Research Article: Protocol for the reconstruction of micromammals from fossils. Two case studies: The skulls of Beremendia fissidens and Dolinasorex glyphodon

Date Published: March 20, 2019

Publisher: Public Library of Science

Author(s): Raquel Moya-Costa, Gloria Cuenca-Bescós, Blanca Bauluz, Sergi Lozano.

http://doi.org/10.1371/journal.pone.0213174

Abstract

We have developed a protocol for reconstructing 3D models of the skulls of extinct species of small mammals. For the first time, the reconstruction uses fragments of fossils from a mixture of different specimens and from related extant species. We use free software and commercial computers to make the process reproducible and usable for the scientific community. We present a semi-quantitative protocol to face the problem of making 3D reconstructions of fossil species that are incomplete in the fossil record and/or represented by a mixture of different individuals, as usually occurs with small vertebrates. Therefore this approach is useful when no complete skull is available. The protocol combines the use of microCT scan technology with a subsequent computer treatment using different software tools for 3D reconstruction from microCT and 3D design and printing (e.g. Fiji, SPIERS, Meshlab, Meshmixer) in a defined order. This kind of free and relatively simple software, plus the detailed description, makes this protocol practicable for researchers who do not necessarily have great deal of experience in working with 3D. As an example, we have performed virtual reconstructions of the skulls of two species of insectivore small mammals (Eulipotyphla): Beremendia fissidens and Dolinasorex glyphodon. The resulting skulls, plus models of the extant shrews Blarina brevicauda, Neomys fodiens, Crocidura russula and Sorex coronatus, make it possible to compare characteristics that can only be observed by means of microCT 3D reconstructions, and given the characteristics of the material, using this protocol. Among the characters we can compare are the position of the mandibles, the spatial relations among all the teeth, the shape of the snout and, in general, all parameters related with the anatomy of the rostrum. Moreover, these reconstructions can be used in different types of context: for anatomical purposes, especially to see internal features or characteristics at whole-skull scale, for bioengineering, animation, or other techniques that need a digital model.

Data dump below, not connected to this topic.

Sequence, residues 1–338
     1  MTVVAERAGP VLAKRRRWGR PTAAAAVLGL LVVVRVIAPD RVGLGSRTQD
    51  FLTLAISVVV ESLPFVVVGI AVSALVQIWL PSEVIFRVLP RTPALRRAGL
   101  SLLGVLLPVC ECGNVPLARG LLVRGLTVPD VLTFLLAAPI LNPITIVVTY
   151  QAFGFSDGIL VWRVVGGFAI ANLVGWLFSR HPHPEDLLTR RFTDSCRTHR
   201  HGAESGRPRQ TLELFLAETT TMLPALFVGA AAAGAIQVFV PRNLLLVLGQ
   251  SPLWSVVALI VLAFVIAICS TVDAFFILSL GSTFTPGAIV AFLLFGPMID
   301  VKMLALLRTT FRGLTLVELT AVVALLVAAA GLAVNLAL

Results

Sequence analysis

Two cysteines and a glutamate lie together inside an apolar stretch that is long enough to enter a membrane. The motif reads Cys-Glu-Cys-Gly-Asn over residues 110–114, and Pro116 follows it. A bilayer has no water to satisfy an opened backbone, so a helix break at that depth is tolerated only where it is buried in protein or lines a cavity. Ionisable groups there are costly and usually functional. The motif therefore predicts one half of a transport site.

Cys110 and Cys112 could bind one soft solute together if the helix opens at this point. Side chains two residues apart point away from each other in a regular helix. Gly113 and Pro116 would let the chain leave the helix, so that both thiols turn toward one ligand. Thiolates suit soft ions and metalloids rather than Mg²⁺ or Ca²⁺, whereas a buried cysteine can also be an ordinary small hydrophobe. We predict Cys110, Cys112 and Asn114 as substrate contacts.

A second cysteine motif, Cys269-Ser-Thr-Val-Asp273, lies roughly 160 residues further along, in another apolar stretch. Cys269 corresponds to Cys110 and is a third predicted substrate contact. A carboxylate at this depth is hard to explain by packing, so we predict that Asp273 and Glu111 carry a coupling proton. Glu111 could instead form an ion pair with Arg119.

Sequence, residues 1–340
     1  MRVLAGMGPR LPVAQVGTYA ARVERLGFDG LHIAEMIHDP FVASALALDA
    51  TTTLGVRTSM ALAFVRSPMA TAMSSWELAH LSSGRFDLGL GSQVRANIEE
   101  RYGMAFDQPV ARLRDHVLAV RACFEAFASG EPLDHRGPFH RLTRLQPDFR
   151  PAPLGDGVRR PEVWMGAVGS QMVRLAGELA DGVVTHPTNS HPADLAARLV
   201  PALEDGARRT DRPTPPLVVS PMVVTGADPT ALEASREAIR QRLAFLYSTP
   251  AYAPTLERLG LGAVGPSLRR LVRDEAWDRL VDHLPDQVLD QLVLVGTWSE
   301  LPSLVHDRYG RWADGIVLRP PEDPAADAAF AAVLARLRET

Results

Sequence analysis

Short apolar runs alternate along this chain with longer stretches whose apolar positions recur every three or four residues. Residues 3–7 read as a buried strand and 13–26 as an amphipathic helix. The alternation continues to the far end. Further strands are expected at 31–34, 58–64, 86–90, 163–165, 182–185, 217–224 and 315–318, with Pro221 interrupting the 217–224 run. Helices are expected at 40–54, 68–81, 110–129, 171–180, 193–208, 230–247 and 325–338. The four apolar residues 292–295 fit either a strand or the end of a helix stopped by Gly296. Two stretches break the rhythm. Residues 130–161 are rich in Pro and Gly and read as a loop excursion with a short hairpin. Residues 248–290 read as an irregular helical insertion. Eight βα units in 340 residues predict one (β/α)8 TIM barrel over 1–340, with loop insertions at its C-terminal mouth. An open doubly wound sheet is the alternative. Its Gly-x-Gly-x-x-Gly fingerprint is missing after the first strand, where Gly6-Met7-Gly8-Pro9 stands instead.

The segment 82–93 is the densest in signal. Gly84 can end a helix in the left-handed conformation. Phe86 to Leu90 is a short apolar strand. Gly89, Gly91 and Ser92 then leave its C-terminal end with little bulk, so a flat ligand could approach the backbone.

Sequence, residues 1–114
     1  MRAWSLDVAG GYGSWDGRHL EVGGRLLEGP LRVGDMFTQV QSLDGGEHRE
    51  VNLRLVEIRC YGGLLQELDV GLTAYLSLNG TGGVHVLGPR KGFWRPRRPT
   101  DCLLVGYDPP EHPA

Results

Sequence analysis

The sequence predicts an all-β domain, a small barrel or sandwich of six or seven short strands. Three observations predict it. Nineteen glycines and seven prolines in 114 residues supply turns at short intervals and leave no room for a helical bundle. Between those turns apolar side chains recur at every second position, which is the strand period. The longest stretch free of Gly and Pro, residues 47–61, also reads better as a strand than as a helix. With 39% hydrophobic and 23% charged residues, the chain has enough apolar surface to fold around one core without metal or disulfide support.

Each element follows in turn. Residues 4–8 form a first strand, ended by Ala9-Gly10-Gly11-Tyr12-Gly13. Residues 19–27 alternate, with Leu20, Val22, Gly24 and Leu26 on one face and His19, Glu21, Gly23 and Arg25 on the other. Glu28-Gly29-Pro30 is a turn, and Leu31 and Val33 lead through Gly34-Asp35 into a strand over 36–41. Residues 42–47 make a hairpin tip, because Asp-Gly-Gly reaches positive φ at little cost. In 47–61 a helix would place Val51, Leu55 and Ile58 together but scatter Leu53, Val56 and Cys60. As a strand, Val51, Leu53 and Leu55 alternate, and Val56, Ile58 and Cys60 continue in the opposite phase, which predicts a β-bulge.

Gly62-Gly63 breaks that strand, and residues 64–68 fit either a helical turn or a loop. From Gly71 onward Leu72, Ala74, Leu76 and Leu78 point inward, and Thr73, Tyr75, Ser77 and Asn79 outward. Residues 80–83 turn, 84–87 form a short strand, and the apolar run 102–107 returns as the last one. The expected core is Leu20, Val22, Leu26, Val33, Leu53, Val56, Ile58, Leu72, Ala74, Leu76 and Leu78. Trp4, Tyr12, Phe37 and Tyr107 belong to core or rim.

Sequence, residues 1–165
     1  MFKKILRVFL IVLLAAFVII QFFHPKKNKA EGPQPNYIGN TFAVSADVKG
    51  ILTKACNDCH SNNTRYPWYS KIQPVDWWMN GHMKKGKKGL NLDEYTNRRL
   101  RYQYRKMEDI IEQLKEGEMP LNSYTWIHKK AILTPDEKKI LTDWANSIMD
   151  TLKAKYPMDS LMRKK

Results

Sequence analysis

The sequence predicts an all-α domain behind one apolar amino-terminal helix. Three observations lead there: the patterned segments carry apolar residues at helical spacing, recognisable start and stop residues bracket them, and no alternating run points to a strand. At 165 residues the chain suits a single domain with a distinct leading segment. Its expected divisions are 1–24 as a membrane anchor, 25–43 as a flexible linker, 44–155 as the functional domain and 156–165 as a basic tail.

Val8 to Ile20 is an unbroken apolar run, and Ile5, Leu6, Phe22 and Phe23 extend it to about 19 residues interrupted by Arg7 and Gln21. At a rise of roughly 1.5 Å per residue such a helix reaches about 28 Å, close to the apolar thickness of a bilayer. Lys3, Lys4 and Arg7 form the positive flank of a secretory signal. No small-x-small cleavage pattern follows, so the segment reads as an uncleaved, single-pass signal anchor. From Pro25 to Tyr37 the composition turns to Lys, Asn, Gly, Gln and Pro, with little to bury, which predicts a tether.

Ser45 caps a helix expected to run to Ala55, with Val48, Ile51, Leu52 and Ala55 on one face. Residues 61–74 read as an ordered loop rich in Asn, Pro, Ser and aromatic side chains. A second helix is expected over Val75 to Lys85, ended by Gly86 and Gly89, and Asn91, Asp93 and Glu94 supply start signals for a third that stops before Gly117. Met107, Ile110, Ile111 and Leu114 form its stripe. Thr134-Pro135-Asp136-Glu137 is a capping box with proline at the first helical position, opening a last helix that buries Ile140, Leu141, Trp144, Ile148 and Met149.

Partial Text

The protocol described in the present paper have made it possible, for the first time, to reconstruct in 3D the anatomy of two small mammals that are systematically incomplete or fragmented in the fossil record. The 3D reconstruction of skulls belonging to extant and fossil shrews has enabled us to arrange the mandibles in their anatomical position, to orient them and facilitate comparisons among them, and to compare their internal structures. At present there is no other way of producing a complete reconstruction of fragmented small vertebrates with pieces from different individuals, except by means of 2D reconstructions using palaeoart. The advantages of our 3D models are firstly that with each step the insertion of each scaled element and the occlusion of teeth can be tested, and secondly that the final models allow researchers to do anything that is possible with a normal 3D model, such as rotating and measuring elements in any direction, seeing the interior without affecting the original pieces, and producing animations.

 

Source:

http://doi.org/10.1371/journal.pone.0213174

 

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